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Mandatory minimum penalties are preventing judges from arriving at just sentences

Friday, November 20th, 2020

Courts have ruled some mandatory minimums unconstitutional, but that is not an acceptable substitute for justice reform. The COVID pandemic has emphasized that good leadership requires putting politics aside and listening to evidence and expert advice that serves the public interest… Sound justice policy can and should protect public safety, address systemic racism and support fair and just results for all.

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British Columbia Supreme Court Rules Against Expansion of Private Health Care

Tuesday, September 29th, 2020

“in the context of complex social programs such as healthcare where there is a need to balance conflicting interests and claims over limited resources, a high degree of deference is owed to the government… even if I had found a violation of ss. 7 or 15 of the Charter, I would nonetheless have concluded the impugned provisions are a reasonable limit on those rights and are demonstrably justified in a free and democratic society under s. 1”.

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Billionaires get richer while millions struggle. There’s a lot wrong with this picture

Tuesday, September 22nd, 2020

growing inequality — and public concern about it — is being exacerbated by the pandemic. That makes this a particularly good time to revisit the many policy tools Ottawa has to do something about it. Tax reform tops the list. Canada can do more to prevent and pursue companies that hide billions from the taxman in offshore tax havens and close the many loopholes that let the very wealthy lower their tax bill.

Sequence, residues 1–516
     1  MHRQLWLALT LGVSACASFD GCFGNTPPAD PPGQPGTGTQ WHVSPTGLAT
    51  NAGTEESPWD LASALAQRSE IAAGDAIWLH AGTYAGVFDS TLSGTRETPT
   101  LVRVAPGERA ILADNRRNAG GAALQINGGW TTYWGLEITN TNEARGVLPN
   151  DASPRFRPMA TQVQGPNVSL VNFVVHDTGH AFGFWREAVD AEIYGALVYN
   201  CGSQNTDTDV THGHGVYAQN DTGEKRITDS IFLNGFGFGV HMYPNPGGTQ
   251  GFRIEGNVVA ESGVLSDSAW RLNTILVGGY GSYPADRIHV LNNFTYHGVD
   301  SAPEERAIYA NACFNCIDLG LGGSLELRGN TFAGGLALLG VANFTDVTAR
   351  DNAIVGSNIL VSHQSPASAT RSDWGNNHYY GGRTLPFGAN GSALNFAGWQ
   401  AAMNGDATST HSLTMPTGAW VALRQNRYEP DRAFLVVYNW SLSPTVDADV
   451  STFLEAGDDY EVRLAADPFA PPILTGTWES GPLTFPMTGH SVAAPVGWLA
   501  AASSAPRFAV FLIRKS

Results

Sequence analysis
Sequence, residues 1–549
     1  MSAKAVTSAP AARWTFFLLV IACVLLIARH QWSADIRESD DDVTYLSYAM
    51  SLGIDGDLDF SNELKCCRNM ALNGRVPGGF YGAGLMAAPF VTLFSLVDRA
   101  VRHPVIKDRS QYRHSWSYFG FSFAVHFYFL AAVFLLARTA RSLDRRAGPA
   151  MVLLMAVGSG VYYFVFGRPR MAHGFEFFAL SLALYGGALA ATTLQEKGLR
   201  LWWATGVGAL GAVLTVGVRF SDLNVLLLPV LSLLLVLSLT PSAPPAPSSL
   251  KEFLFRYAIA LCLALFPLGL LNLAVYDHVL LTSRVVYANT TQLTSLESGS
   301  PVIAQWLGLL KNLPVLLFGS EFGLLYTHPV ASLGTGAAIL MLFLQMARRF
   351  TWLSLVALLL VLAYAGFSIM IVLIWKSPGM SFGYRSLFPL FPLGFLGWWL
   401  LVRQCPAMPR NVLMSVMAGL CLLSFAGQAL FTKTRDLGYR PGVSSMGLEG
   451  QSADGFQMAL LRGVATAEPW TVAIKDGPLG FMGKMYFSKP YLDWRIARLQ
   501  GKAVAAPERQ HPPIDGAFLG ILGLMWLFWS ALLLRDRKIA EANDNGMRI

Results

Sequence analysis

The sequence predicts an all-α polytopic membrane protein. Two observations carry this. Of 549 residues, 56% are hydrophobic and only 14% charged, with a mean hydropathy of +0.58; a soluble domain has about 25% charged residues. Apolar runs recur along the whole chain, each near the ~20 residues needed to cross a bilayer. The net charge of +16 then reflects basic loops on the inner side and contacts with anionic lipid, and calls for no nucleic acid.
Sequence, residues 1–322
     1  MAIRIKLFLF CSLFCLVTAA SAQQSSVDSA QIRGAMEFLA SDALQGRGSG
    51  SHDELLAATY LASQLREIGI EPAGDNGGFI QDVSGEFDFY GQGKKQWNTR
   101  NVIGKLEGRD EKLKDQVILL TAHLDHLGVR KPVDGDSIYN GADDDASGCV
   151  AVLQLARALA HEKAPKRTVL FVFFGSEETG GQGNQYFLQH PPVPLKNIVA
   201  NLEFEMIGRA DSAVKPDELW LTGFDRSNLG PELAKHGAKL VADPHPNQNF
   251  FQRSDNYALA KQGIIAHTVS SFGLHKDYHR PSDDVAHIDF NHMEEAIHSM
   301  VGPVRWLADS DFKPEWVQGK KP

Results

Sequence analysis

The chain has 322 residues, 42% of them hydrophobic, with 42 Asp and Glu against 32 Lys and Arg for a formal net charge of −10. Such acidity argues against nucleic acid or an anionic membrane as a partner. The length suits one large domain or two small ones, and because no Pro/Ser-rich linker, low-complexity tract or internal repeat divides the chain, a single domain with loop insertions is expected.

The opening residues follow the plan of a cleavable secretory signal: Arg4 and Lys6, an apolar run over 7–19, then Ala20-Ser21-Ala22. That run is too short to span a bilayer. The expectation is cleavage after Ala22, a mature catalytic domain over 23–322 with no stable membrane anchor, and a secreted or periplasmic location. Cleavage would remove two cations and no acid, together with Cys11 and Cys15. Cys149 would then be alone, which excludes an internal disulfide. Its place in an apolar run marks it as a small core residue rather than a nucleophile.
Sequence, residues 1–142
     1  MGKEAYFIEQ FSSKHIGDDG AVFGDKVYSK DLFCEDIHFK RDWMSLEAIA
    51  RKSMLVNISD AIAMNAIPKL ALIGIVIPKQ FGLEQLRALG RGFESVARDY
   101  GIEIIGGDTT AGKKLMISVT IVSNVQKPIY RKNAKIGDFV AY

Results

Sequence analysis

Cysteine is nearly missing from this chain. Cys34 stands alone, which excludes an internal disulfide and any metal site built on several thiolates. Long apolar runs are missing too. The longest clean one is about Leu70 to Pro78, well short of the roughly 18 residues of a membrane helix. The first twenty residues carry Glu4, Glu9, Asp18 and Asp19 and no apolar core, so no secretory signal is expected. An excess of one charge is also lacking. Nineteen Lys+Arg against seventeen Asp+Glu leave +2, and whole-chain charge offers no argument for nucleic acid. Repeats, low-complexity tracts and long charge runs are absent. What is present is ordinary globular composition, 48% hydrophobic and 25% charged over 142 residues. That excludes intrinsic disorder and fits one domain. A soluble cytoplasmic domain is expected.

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‘Billionaire wealth has bounced back’: Canada’s 20 richest people saw their fortunes grow by $37 billion during COVID-19, study says

Thursday, September 17th, 2020

The proceeds of a wealth tax could “create ongoing revenue streams” to fund important social policy initiatives… “That includes areas such as health care, building a universal child-care system, addressing the housing crisis that exists in so many parts of the country, and addressing the next looming crisis on the horizon in climate change.”

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Race does not determine health outcomes — racism does. As medical professionals we see this reflected in stark COVID-19 realities

Thursday, August 13th, 2020

… employment, income, wealth, education, housing and so on — are what ultimately determine who survives or how long we live. In many ways, the single most important protective factor in this pandemic was having the privilege to stay at home. But that’s if you had a home and a job that would allow you to work remotely and take paid leave if sick or unwell.